Let’s turn to one of the hallmarks of what passes for executive leadership in late empire: the bold announcement of voluntary programs. Every so often, across my desk comes a press release touting a bold new “crackdown” on some set of malfeasance, or the announcement of a policy that will “put hundreds of thousands back to work” or “provide relief for hundreds of thousands of Americans” or something or other. Then when you drill down to the substance, you realize that the policy is largely voluntary, predicated on businesses following through on a pledge, or the idea that a stern talking-to will deliver the policy preference, or whatever.

Months or years later, you get the one-off article about how said policy, announced to much fanfare, didn’t actually work. And we see that with increasing frequency these days. In the past 48 hours, I’ve taken note of the fact that Michelle Obama’s plan to eliminate “food deserts” has led to almost no additional retail stores selling fresh food in low-income communities. That was based on a “pledge” by businesses to put retail outlets in those communities, a pledge with no follow-through. I noted that efforts to crack down on international tax evasion have yielded almost no results. These again were based on hopes more than concrete policies.

Here are two additional examples from today. First, as part of the Affordable Care Act, the Department of Health and Human Services received “rate review authority” on insurance premiums. I put that in quotes because the authority merely means that HHS can criticize insurance companies for increasing their premiums to “unreasonable” levels year over year. There’s no formal authority granted to HHS at all. And unsurprisingly, this has not led insurance companies to back down and reduce their premiums:

Health insurers flagged by the department for “unreasonable” premium hikes are refusing to back down in the first year of HHS’s new rate review authority.

HHS can use its bully pulpit to publicly shame insurers whose rates don’t pass its sniff test – and HHS has done just that, holding four media calls since November to scold insurers each time it’s made a new “unreasonable” determination.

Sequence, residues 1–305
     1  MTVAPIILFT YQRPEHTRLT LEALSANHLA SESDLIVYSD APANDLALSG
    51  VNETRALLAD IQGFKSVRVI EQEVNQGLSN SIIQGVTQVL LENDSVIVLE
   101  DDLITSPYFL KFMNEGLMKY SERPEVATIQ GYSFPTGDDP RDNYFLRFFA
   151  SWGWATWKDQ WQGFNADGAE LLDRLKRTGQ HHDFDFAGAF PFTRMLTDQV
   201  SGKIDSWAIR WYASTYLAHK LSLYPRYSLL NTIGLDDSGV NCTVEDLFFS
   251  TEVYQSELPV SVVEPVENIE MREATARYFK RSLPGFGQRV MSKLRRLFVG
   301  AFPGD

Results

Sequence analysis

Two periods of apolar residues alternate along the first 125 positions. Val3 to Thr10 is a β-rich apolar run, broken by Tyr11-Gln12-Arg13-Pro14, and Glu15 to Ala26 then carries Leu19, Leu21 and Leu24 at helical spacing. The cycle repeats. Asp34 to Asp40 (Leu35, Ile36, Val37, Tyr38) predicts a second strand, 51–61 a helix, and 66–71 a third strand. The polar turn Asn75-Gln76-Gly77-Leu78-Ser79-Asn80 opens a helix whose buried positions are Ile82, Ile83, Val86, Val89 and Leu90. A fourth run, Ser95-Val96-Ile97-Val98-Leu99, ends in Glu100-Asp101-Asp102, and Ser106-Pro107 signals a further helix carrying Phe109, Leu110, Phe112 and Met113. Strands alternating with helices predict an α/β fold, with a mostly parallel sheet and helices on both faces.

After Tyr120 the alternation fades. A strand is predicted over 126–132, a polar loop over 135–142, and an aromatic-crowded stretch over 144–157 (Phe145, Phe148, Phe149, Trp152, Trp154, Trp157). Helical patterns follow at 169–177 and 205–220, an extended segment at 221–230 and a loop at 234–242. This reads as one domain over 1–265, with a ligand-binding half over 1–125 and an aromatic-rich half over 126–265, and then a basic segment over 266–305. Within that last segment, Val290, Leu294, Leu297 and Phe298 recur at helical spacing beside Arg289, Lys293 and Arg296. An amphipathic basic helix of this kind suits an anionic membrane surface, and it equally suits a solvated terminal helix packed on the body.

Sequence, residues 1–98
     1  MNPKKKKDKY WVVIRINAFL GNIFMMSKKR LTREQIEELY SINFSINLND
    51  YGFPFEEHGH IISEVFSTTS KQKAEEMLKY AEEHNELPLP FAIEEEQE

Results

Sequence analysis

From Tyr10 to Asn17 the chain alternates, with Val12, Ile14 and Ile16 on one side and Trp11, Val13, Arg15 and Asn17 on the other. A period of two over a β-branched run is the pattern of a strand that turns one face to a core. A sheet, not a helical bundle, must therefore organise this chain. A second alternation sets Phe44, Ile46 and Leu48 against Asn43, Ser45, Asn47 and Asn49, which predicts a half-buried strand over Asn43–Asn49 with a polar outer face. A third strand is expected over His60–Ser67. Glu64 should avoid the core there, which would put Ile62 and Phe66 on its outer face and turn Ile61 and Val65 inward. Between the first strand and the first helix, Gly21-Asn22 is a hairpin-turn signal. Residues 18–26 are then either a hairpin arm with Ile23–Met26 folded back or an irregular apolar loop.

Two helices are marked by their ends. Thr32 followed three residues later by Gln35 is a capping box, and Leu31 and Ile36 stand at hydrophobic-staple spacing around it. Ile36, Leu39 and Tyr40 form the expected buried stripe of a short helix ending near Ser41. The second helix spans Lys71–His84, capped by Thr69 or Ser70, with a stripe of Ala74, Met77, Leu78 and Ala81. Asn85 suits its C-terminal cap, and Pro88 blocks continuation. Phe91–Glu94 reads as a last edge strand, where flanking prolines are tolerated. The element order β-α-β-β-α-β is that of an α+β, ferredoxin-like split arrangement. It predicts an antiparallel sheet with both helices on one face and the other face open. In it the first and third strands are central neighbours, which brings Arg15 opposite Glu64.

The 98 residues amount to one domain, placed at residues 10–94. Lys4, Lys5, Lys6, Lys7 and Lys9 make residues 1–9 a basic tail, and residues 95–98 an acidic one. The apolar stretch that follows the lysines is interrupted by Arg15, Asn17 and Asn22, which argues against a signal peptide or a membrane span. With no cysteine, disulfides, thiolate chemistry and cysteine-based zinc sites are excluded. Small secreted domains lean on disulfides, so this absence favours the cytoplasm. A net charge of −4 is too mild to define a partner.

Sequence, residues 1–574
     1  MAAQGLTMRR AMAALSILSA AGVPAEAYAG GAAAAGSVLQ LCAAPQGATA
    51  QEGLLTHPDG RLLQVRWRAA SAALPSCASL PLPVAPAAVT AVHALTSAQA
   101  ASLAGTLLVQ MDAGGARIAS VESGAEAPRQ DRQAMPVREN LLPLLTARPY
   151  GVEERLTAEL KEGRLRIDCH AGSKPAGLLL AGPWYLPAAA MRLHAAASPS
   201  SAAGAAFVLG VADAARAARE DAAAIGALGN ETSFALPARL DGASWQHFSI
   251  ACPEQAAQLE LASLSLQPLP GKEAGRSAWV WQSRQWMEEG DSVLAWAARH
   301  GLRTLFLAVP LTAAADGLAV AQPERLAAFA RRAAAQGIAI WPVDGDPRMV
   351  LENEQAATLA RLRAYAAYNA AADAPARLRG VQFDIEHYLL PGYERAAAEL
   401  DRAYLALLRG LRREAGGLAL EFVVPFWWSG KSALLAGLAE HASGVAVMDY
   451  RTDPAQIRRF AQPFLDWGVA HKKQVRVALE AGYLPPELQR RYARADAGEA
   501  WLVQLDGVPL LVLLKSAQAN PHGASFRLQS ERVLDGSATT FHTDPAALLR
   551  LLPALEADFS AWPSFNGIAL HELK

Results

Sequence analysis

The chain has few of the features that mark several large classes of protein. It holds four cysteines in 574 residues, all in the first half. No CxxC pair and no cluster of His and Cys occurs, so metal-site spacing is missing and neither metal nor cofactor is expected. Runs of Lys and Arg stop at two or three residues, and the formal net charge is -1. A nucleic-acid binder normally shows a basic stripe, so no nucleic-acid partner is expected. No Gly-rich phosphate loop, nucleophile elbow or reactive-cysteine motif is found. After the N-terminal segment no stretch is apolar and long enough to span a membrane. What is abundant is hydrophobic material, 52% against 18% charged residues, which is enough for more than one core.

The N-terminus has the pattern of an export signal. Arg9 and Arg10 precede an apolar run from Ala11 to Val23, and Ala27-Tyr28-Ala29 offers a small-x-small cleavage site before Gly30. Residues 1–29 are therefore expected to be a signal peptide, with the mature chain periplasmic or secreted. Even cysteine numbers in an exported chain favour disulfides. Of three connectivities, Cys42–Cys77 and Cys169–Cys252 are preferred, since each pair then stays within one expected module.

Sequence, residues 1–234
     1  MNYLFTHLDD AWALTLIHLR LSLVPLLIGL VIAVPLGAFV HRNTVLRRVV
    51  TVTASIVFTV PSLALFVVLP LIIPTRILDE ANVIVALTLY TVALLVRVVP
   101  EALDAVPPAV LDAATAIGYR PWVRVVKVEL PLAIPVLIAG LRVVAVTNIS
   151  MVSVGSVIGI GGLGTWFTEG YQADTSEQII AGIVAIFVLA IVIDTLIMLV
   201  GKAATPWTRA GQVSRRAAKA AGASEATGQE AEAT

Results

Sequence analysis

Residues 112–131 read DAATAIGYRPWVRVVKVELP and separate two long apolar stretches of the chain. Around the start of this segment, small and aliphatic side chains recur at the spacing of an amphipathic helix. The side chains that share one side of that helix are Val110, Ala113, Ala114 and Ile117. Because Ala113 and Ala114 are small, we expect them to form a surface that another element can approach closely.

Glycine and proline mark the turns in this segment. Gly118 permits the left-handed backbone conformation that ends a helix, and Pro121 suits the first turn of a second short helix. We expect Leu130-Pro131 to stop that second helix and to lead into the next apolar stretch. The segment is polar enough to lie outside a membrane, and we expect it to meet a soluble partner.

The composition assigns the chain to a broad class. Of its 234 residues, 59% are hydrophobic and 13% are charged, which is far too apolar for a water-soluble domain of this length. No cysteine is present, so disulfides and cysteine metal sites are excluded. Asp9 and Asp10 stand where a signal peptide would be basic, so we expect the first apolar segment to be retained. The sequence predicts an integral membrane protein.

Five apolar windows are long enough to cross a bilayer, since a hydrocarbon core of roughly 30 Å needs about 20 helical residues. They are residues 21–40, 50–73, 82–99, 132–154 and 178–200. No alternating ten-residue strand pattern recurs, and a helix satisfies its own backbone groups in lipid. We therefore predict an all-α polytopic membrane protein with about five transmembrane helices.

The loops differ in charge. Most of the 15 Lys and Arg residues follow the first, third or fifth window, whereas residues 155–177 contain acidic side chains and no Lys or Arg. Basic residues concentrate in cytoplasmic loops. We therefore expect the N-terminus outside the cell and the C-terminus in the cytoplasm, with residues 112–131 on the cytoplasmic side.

Faced with the choice of dealing with some negative press on the national stage or upending their business plan, the four insurers that have been dinged by HHS have all chosen to stick with the business plan.

Since the negative publicity is fleeting, but hard dollars for premium increases last forever, this is a totally unsurprising scenario.

Here’s another one. The government has announced a host of policies to encourage refinancing of mortgages for current borrowers, so they can take advantage of low interest rates. But all of the policies rely on the individual servicers to actually perform the refinancing. And they have dragged their feet.

Clogged mortgage pipelines have created headaches for hundreds of thousands of Americans trying to take advantage of low mortgage rates, which averaged 4.05% for the week ending April 27, according to the Mortgage Bankers Association [...]

But considering how far mortgage rates have dropped, the refinancing burst has been lackluster by historical standards. A surge in demand has come at a time when fewer banks control a larger share of the mortgage market than they did before the financial crisis. Banks also are being more careful about whom they lend money to and how they process loans. It now takes the nation’s biggest mortgage lenders an average of more than 70 days to complete a refinance, according to Accenture Credit Services, up from 45 days a year ago.

There is another factor. Amid reduced competition, some large lenders have boosted their rates in a bid to hold down volumes while bolstering profits. That limits the savings for many applicants.

The entire point of the government’s refi plans, particularly in the second version of HARP, was to stimulate competition and get borrowers the lowest rates possible. The exact opposite has happened. Most large lenders have vowed to only refi their own loans and not poach the loans of anyone else. As a result, they charge higher rates and allow for longer delays. And the program doesn’t work.

This is a key factor to the perception of government incompetence. The incompetence can be accounted for by the faulty design of the programs themselves. In a bid to be reasonable, or something, Democrats, at least the current Administration, put forward half-measure policies that do not impose on the businesses that need to carry them out, instead merely trying to nudge those companies in the right direction. It turns out that multinational corporations do not respond to behavioral economics. If they can maximize profits by avoiding government dictates, they will. And all the nudging in the world won’t change that.